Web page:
By Group Captain Atul Pant*
United States Air Force Chief, Gen. David L. Goldfein, created a sensation at the Dubai Airshow in October 2019 by revealing plans for automation of the kill chain during lethal engagements. Humans in their design would enter the picture only at the last stage of target engagement, while rest of the kill chain – detection of objects, their identification, decision to initiate lethal engagement and assignment of targets to weapons platforms – would be fully automated. This development would be in sync with the need for quicker response time to effectively respond to future threats. To quote Goldfein, “In most kill chains today there is a human in every step of the loop, but the future would require humans on the loop – not in the loop, making final decisions for lethal or non-lethal fires.”1 It is also argued that in future a human would be ‘on the loop’ when even the last stage is automated, although he would only oversee the operation with a veto power.
The rapidly advancing technology has, of late, started bringing about some radical transformation to long standing concepts and beliefs at large. Warfare is no exception in this regard, with some of its seemingly enduring concepts transforming under the impact of technology. Keeping humans in the chain of killing and destruction is one such issue. The terminology for the same – being used more after the proliferation of computers and networking in warfare – is ‘keeping human in the loop’.
Leaving the decision to kill or destroy totally to machines is invariably seen as cold-blooded and a gross violation of human ethics. Even the military league is generally strongly opposed to the idea. In certain cases, such automation is there even now with human on the loop. In air defence and missile defence, for example, the time available to take a decision is extremely limited, especially with modern high speed aircraft and missiles, and it is “either they or us situation” most of the time. Here, often computers are trusted to open lethal fire. A human operator in such cases is sitting ready on the ‘abort’ button to exercise his veto power. A majority of veterans and doyens in the military still contend that a human will always remain involved in making a decision to kill and this will never change.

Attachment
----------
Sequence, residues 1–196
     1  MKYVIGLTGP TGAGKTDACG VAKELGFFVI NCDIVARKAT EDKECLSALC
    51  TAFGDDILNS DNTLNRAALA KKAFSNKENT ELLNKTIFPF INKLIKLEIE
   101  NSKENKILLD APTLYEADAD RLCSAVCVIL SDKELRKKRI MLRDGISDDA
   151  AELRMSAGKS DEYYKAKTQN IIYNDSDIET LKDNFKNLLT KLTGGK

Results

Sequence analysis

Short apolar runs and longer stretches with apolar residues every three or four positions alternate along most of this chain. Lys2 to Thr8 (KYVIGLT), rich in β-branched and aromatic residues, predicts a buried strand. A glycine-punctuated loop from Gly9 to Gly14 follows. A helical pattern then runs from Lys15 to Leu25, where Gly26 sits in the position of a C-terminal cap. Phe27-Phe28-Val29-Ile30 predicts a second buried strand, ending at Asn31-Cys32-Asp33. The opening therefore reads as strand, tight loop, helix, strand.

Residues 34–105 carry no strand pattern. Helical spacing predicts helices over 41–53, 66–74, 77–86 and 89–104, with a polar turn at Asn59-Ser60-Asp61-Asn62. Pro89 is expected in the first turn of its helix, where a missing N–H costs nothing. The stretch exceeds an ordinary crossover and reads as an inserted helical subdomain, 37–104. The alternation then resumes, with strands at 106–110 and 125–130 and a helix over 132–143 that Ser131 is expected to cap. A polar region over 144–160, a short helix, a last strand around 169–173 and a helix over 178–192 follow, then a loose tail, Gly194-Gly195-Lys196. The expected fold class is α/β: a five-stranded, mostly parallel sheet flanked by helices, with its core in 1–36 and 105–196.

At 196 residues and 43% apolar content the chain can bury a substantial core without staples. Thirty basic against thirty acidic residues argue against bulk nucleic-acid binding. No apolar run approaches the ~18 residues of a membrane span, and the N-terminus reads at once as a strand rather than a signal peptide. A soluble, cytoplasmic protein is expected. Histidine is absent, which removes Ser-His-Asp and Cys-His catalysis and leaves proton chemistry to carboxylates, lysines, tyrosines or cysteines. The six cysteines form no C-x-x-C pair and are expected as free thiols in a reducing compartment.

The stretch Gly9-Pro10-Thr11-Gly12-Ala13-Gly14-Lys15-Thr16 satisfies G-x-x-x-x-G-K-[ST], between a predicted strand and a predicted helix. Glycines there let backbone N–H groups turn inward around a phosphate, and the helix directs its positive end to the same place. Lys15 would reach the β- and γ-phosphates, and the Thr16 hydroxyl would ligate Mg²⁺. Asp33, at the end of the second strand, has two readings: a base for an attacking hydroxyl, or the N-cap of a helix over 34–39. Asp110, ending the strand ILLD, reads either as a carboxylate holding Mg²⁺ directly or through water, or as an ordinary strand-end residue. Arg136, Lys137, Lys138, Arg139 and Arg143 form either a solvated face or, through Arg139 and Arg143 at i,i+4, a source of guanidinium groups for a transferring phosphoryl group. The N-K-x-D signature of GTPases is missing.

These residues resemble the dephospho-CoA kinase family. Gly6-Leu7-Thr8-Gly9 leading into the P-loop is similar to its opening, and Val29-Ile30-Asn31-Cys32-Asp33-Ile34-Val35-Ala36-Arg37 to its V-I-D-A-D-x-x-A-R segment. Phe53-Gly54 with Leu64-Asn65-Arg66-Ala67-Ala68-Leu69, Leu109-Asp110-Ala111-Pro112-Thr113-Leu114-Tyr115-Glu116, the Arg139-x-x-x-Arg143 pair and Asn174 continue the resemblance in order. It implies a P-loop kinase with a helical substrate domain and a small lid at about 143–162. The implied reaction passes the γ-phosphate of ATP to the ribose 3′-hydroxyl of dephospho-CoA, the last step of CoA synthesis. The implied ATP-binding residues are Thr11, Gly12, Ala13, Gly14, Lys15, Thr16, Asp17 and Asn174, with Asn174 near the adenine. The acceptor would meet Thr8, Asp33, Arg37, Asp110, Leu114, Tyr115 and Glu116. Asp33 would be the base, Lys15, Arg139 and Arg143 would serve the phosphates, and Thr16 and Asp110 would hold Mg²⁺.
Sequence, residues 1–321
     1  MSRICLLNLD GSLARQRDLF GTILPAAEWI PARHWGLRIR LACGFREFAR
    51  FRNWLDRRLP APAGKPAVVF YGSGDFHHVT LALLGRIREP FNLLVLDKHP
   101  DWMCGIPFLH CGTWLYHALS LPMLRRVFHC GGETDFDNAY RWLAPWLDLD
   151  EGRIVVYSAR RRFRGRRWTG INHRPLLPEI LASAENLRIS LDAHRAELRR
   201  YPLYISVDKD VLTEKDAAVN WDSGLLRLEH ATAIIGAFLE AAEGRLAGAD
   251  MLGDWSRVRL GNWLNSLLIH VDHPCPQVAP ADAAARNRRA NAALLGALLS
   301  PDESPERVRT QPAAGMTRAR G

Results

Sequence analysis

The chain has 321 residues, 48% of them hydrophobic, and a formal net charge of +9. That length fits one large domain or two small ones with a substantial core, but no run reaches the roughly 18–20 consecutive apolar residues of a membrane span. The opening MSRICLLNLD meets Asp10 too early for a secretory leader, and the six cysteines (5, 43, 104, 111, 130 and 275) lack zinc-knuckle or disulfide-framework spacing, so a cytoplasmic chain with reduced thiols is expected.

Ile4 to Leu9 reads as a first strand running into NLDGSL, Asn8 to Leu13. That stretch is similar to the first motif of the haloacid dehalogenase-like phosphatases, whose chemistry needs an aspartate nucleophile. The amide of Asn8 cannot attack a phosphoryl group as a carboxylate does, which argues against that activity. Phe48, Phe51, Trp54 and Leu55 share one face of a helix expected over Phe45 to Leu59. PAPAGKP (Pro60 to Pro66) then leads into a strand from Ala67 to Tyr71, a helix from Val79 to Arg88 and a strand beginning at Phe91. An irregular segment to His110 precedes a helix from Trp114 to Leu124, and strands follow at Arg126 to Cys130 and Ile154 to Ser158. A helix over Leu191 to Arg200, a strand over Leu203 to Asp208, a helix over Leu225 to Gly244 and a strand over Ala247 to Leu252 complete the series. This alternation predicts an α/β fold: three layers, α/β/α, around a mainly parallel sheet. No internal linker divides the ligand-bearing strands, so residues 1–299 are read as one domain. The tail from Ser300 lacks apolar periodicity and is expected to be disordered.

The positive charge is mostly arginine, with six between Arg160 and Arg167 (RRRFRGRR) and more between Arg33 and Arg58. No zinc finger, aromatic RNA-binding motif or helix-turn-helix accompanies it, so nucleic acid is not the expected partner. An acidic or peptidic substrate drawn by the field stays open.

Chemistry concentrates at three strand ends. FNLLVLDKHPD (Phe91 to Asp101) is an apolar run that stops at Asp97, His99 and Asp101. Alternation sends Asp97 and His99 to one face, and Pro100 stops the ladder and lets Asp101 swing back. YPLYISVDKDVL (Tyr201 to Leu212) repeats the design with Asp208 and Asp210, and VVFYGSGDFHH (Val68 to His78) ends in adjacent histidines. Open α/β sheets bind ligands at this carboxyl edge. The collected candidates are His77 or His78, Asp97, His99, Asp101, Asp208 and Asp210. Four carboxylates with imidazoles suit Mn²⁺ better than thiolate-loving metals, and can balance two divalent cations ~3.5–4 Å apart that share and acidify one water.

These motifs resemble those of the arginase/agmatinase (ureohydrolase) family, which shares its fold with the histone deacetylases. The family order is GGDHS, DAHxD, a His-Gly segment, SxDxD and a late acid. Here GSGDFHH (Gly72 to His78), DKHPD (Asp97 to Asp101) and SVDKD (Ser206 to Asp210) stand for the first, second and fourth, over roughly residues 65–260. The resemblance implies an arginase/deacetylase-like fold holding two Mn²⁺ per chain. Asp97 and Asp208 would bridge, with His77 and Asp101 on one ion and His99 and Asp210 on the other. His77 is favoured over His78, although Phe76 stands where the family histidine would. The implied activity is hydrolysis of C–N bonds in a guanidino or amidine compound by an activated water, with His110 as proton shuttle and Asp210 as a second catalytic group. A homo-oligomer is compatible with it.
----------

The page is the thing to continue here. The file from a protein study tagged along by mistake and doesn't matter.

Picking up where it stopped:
The game changer in recent years has been the artificial intelligence (AI), which is no more a thing unfamiliar and is evolving to become more capable, credible and trustworthy with time. Better electronics, higher computational power, better sensors, etc. are speeding up military activities and shortening the Observe, Orient, Decide, Act (OODA) cycle, leaving ever reducing times for decision making and action. Better propellants that give weapons higher speed and long-range kinetic killers are shortening the time available for defence. With miniaturised electronics and advanced software, multitudes of deceptive weapon designs are also evolving often in the garb of something else. The number of entities that could pose a threat is increasing by the day and will multiply in future. Human capacity to tackle all such threats effectively in a complex threat environment is only going to fall well short of what would be needed.
Autonomy brought about by AI has, therefore, become an inescapable feature as it allows functionality where humans could flounder – timely analysis of a threat and action to counter it effectively in a complex environment. Humans would eventually be removed from even the final stages of the threat neutralising cycle. AI would perform all the activities in the OODA cycle and also choose the right weapons to tackle the threat, where needed.
On the other hand, AI is also making offensive weapons formidable – deadlier, speedier, smarter and more difficult to counter. Humans in this case, would invariably fall short. In warfare, the scenario emerging is AI versus AI. Soon the role left for the human would be to use his good judgement only to veto or abort where needed.